O’Regan, GM, Ho, WL, Limaye, S. “Sweet's syndrome in association with common variable immunodeficiency”. Clin Exp Dermatol. vol. 34. 2009. pp. 192-4. This is a case report of Sweet syndrome occurring in a 4-month-old male who subsequently developed common variable immunodeficiency (CVID), which was confirmed at the age of seven years. Level of evidence 4.

Rapini, RP. “Practical dermatopathology”. 2005. This text is intended as a supplement to existing dermatopathology texts. Level of evidence 5.

Schachner, LA, Hansen, RC. “Pediatric dermatology”. 2003. This encyclopedic textbook on pediatric dermatology was written by authors from around the world. Level of evidence 5.

Thompson, DF, Montarella, KE. “Drug-induced Sweet's syndrome”. Ann Pharmacother. vol. 41. 2007. pp. 802-11. This is a review article focusing on drug-induced Sweet syndrome. All case reports were evaluated against an expanded Naranjo scale with specific criteria for Sweet syndrome. The authors found that many drugs have been implicated in causing Sweet syndrome, but only granulocyte colony-stimulating factor, all-trans-retinoic acid, and vaccines had sufficient evidence to meet criteria. Level of evidence 4.

Timmer, DE, Mik, L, Broekhuijsen-VAN Henten, DM, Oldhoff, JM. “Acquired cutis laxa in childhood Sweet's syndrome”. Pediatr Dermatol. vol. 26. 2009. pp. 358-60. This is a case report of Sweet syndrome in an 8-month-old male with preceding otitis media. The patient's case was complicated by cutis laxa. The authors review the literature on postinflammatory cutis laxa following Sweet syndrome in the pediatric population. Level of evidence 4.

von den Driesch, P. “Sweet's syndrome (acute febrile neutrophilic dermatosis)”. J Am Acad Dermatol. vol. 31. 1994. pp. 535-60. This review article of 38 patients with Sweet syndrome discusses epidemiology, clinical spectrum, histologic features, laboratory results, differential diagnosis, pathogenesis, associated diseases, and treatment. The authors modify the diagnostic criteria proposed by Su and Liu in 1986. Level of evidence 4.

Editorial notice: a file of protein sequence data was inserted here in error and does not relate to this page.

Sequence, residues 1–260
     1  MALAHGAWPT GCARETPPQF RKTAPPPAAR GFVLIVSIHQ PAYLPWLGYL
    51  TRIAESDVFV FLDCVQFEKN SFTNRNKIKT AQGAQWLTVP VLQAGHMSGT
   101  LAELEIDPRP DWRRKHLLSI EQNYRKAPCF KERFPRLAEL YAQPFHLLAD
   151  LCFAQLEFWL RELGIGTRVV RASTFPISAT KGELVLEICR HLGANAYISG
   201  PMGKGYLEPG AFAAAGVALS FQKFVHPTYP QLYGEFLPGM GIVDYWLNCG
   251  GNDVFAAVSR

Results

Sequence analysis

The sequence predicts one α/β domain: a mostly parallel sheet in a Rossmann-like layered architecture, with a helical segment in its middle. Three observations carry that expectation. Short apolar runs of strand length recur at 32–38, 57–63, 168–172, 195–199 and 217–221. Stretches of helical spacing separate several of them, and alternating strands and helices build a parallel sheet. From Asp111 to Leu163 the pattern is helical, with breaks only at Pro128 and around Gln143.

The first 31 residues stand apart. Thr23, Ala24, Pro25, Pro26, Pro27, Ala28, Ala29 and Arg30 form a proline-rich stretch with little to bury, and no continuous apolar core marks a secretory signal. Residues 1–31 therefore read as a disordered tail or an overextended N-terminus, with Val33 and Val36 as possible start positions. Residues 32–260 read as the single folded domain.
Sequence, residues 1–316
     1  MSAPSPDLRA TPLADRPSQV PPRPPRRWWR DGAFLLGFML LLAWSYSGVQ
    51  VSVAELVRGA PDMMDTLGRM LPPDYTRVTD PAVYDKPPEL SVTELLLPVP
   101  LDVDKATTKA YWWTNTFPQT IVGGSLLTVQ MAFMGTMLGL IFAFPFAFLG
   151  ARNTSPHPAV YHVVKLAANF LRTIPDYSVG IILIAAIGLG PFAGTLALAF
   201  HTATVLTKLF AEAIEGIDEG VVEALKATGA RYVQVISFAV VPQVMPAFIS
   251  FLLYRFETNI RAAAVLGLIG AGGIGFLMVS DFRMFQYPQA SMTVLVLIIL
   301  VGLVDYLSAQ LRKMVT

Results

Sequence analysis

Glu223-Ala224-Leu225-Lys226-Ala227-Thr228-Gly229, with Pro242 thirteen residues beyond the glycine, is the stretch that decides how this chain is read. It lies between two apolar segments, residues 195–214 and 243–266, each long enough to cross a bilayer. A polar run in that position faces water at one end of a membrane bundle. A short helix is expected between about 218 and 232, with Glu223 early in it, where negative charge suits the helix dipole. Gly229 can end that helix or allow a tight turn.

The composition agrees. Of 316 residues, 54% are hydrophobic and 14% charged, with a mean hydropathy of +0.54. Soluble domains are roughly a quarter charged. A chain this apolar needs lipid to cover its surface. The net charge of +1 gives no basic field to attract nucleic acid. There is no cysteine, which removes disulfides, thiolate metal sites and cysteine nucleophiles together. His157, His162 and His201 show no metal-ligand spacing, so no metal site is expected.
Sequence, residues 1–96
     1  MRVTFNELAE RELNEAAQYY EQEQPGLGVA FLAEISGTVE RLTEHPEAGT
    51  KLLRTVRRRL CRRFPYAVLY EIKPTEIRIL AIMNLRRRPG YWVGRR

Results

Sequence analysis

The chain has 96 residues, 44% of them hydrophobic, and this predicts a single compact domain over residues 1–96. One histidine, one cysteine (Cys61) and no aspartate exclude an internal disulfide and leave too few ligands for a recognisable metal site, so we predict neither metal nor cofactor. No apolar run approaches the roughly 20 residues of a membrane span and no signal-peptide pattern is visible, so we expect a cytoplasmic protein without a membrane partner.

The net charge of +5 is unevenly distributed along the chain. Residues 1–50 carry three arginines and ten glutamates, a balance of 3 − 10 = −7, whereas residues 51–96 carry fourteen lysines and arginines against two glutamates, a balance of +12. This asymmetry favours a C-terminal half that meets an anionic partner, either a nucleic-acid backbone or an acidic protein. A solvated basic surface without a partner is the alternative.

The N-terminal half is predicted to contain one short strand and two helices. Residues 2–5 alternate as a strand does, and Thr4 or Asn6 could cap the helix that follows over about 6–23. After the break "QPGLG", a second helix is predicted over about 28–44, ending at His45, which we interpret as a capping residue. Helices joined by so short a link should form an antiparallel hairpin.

Walker, DC, Cohen, PR. “Trimethoprim-sulfamethoxazole-associated acute febrile neutrophilic dermatosis: case report and review of drug-induced Sweet's syndrome”. J Am Acad Dermatol. vol. 34. 1996. pp. 918-23. In this case report and review of the literature, the authors describe a 50-year-old female with trimethoprim-sulfamethoxazole-induced Sweet syndrome and discuss drug-induced Sweet syndrome. Level of evidence 4.

Weedon, D. “Skin pathology”. 2002. This is a textbook of dermatopathology. It provides basic clinical descriptions and in depth histopathologic descriptions of dermatologic diseases. Level of evidence 5.

Wolverton, SE. “Comprehensive dermatologic drug therapy”. 2007. This textbook is designed as a reference for dermatologic therapeutics, including dosing, side effects, and monitoring of dermatologic medications. Level of evidence 5.

Buck, T, González, LM, Lambert, WC, Schwartz, RA. “Sweet's syndrome with hematologic disorders: a review and reappraisal”. Int J Dermatol. vol. 47. 2008. pp. 775-82. This review of the literature focuses on Sweet syndrome in adult patients with hematologic disorders. Level of evidence 4.

Ongoing controversies regarding etiology, diagnosis, treatment

Currently, there is no consensus on the timing and frequency of screening for malignancy in the otherwise asymptomatic patient with idiopathic Sweet syndrome.